Originally located on Macland Road, the Manning Cabin was owned by David Irwin (owner of Marietta’s Oakton) during the 1850s and was occupied by members of the Manning family during the Civil War.
In the 1990s, the home was threatened by demolition and was saved by Manning family descendants. The cabin was dismantled one log at a time and lovingly reconstructed on family property near Powder Springs. The cabin was used for family gatherings, parties and photo shoots for the next 25 years before it was donated to Cobb Landmarks, according to the city.
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POLITICAL PLATTER: Republican Kurt Wilson of Roswell has thrown his hat in the ring for the seat soon to be vacated by U.S. Rep. Tom Price, R-Roswell, who is President Donald Trump’s nominee as secretary of Health and Human Services.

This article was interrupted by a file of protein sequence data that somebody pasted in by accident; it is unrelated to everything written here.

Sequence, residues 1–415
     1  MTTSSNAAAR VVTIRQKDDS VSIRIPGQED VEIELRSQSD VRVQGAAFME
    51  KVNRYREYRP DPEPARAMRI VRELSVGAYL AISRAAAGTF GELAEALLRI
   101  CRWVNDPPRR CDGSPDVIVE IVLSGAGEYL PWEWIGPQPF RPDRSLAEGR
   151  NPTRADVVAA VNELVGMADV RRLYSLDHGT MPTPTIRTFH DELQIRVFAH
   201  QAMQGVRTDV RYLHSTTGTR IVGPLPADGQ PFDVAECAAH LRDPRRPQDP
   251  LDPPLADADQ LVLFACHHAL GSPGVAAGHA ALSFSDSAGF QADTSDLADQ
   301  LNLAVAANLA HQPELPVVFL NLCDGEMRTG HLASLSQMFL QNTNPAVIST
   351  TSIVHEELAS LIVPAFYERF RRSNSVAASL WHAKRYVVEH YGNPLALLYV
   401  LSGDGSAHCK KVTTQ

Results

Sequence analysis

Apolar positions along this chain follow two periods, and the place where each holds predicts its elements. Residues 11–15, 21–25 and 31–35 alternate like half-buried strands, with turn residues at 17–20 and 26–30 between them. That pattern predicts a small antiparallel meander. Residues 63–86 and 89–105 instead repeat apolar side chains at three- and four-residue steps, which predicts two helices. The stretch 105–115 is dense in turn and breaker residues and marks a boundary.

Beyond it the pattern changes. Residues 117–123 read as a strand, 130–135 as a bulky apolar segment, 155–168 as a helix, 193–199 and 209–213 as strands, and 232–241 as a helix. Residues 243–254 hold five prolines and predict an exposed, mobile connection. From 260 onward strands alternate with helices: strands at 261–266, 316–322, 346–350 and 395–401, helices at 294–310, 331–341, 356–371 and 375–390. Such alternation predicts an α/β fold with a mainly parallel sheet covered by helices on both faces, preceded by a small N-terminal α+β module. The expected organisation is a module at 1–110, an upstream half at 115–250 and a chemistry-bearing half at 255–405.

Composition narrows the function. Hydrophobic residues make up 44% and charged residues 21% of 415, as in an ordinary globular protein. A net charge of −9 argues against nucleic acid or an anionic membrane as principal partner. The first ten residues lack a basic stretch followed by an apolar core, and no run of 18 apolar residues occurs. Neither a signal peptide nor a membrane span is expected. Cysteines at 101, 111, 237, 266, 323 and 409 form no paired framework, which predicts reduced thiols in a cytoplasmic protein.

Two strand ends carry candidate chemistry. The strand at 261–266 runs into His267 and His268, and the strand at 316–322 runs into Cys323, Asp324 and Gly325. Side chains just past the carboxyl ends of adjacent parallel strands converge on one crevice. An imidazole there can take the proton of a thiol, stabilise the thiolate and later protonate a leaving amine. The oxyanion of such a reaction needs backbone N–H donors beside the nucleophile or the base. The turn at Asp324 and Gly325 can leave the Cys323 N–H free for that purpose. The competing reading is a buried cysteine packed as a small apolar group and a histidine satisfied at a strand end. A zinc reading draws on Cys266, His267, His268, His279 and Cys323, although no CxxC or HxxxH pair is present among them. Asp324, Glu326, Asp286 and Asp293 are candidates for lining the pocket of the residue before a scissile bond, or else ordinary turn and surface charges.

Wilson and his wife have four daughters. He is active in St. David’s Episcopal Church, having served on its vestry. A member of Brookfield Country Club, Wilson serves as its vice chairman.
Wilson is president of multi-unit licensee, fast casual Zaxby’s restaurant group, NA Foodservice, partners in a commercial real estate company and owner of a premium cigar shop.
He said in a press release he is an advocate for a constitutional amendment restructuring congressional terms and imposing term limits.
“Whether you were for or against President Trump, whether you are a Democrat, a Republican, a Libertarian or an Independent, it is important to recognize and celebrate that President Trump’s campaign proved the out-of-control political machine in Washington, D.C. is in fact vulnerable. There is hope. There is real opportunity to break into a system that has outgrown its purpose and build a modern, representative government,” he said.